Untether from trivia and distraction, too. Take social media breaks. Take television breaks. Know thyself — you know what you’re tethered to that’s truly trivial, that’s not building anything. For me it’s Facebook. I’m untethering, slowly slowly. But my husband can be on Facebook and it doesn’t eat his day. We all have to figure out our own stuff.
For me — and of course, you live life by your own rules, not mine — untethering is liberating when it frees you for deep focus on something more interesting than the 20th-century idea of stability.
The old structures are crumbling like the demolition of an office building — the interior goes first. You don’t see the exterior go until the structure is already gone. It’s not some Black Swan, to use Nicolas Taleb’s phrase — the whole century is a black swan. In other words, it’s not one disruptive event — it’s a shift that’s happening just below the surface, but we can already see that the effects will be profound.
The meteor has just started to hit the outside edges of the atmosphere. Be the small, nimble mammal, not the dinosaur. Security doesn’t come from finding a big company to take care of you. Security comes from learning how to take care of yourself.
Let’s talk more about this!
I’m going to be talking about this phenomenon more in October at our live event, which will be in Denver, Colorado. Specifically, I’m going to be talking about how to use this phenomenon to surf to where you want to go and who you want to be, instead of letting it wipe you out.
Also, drop me some questions! February 29 is going to be a QA podcast, so let me know your thoughts in the comments or on Twitter.
You’re right. There’s been a seismic shift in how we feel about “safe” jobs, because they simply don’t exist anymore.
Mothers who try and re-enter the workplace after taking maternity leave have long realised this after their job has been handed to someone else while they were away. Then they’re told, “it’s nothing personal, it’s just business”.
So, if it’s just business. Why shouldn’t women start their own? It’s lonely and thankless in the beginning – but it’s how the world will (slowly) change for the better.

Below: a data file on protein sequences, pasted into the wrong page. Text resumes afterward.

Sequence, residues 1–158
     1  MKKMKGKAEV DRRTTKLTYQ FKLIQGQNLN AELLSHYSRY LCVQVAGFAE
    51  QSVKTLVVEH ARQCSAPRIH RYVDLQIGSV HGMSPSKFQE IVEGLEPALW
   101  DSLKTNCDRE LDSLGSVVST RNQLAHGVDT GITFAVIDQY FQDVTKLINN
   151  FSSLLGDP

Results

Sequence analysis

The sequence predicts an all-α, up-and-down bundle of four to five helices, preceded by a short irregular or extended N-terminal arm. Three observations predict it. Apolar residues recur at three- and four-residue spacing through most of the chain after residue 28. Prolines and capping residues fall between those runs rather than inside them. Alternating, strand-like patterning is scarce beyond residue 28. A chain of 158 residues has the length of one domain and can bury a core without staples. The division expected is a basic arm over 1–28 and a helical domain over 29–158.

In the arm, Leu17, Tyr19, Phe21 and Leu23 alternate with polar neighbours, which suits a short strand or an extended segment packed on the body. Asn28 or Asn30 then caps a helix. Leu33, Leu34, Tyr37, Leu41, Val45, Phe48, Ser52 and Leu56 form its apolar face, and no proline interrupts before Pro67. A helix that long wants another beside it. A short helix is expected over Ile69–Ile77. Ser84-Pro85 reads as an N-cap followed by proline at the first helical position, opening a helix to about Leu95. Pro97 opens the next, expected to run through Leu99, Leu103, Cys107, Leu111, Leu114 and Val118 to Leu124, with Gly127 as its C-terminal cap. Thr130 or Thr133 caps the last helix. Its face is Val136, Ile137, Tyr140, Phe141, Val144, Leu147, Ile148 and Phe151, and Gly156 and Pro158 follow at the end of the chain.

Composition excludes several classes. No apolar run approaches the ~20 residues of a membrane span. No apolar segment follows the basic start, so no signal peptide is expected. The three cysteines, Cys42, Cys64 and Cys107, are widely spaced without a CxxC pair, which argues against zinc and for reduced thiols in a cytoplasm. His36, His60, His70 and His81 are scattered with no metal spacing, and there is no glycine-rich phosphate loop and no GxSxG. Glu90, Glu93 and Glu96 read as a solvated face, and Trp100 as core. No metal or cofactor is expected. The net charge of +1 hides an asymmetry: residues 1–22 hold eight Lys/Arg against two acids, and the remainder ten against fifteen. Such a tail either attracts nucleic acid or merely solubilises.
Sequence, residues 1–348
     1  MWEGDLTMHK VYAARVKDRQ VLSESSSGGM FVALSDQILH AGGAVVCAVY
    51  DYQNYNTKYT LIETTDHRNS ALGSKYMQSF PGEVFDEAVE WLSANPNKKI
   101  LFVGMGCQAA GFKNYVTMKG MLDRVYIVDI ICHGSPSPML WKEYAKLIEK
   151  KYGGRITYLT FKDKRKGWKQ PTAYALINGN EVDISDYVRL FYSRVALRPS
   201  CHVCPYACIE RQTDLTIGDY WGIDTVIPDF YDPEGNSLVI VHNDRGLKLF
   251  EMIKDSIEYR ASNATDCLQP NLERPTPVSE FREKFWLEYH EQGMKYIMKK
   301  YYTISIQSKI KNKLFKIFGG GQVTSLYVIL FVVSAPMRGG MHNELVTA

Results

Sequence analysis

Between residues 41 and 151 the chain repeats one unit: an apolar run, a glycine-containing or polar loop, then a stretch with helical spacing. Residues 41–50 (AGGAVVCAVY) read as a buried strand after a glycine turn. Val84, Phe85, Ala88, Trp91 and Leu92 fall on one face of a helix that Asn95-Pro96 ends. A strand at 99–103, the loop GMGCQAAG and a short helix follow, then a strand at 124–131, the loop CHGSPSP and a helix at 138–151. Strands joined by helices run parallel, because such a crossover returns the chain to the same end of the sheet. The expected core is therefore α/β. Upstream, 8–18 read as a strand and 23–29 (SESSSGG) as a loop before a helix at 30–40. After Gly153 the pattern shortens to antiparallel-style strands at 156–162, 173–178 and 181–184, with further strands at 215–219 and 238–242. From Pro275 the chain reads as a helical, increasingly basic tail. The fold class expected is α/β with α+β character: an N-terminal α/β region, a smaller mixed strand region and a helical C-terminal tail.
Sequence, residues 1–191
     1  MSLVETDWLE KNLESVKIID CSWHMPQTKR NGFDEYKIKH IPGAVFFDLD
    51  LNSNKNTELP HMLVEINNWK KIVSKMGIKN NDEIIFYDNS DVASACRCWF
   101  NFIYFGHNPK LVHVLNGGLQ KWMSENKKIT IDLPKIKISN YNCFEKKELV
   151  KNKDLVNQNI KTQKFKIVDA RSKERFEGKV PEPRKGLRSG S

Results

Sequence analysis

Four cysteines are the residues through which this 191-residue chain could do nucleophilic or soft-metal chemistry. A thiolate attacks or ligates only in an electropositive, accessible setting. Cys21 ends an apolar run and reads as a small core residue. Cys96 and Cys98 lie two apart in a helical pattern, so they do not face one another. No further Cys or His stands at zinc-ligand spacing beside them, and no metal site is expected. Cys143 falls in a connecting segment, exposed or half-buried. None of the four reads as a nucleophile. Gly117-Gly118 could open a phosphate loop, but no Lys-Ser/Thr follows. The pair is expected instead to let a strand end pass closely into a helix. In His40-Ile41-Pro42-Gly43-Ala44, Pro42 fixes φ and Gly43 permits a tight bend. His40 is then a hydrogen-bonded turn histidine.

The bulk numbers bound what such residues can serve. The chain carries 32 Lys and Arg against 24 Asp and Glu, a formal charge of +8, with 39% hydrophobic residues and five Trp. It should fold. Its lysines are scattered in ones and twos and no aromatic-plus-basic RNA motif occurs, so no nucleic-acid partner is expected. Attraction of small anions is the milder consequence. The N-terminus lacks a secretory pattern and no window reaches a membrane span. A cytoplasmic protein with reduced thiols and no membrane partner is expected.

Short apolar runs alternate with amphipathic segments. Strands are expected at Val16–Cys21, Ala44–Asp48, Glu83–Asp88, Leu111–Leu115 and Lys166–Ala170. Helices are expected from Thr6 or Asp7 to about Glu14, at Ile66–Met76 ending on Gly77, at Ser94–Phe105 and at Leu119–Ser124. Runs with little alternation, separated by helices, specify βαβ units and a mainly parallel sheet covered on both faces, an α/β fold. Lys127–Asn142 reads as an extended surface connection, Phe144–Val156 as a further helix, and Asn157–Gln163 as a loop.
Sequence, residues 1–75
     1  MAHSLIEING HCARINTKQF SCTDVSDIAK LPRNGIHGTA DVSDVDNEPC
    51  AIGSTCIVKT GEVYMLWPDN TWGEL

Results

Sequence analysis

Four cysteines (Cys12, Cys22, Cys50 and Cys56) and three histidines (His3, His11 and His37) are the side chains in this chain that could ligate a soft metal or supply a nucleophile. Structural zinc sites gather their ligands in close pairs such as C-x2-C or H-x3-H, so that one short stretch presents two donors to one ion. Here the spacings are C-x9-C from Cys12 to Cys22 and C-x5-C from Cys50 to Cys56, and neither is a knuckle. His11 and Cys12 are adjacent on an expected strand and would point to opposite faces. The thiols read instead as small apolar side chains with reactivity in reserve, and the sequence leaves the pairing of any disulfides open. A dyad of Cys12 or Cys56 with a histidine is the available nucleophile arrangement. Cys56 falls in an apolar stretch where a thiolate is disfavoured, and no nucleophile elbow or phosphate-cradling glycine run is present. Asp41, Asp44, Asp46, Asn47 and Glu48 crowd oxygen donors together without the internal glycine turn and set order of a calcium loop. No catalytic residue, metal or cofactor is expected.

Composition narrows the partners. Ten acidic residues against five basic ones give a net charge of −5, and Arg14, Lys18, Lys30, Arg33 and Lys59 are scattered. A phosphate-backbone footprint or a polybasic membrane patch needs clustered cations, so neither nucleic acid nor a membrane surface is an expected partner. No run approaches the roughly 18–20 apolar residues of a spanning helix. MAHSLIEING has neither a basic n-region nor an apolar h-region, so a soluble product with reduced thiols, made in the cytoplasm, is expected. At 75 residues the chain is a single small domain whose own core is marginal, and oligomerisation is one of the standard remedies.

David Villalva says
Oh my gravy, I suddenly felt guilty for watching Supergirl while listening to this episode. 😉
Straight up, thank you for this because I need to challenge myself to get more done at night by decreasing the television time.
Last, I do have a question I’ve been thinking about a lot recently. I keep hearing great entrepreneurs talking about how you don’t go where the puck is, you go where it’s going. I keep thinking about this in my little platform I’m steadily building… I see online courses everywhere and I’ve yet to launch an MVP (this year I will though). Anyway, I’m trying to think bigger and farther down the road of time. So I keep asking myself what signs I should be looking for… or what trends… or which great entrepreneurs to watch… Bottom line, what’s a good or healthy way to analyze everything being done out there so I can try and go where the puck is going?
Thanks Sonia. You always bring solid content, written or audio. 😉
Alfred Chung says
I’m so connected with this episode!
I’m already living the untethered life, just that now after hearing this, you put the terms into perspective and give it a language to describe the phenomenon.
I love the ending statement: “Be the small, nimble mammal, not the dinosaur. Security doesn’t come from finding a big company to take care of you. Security comes from learning how to take care of yourself.”
So true for me.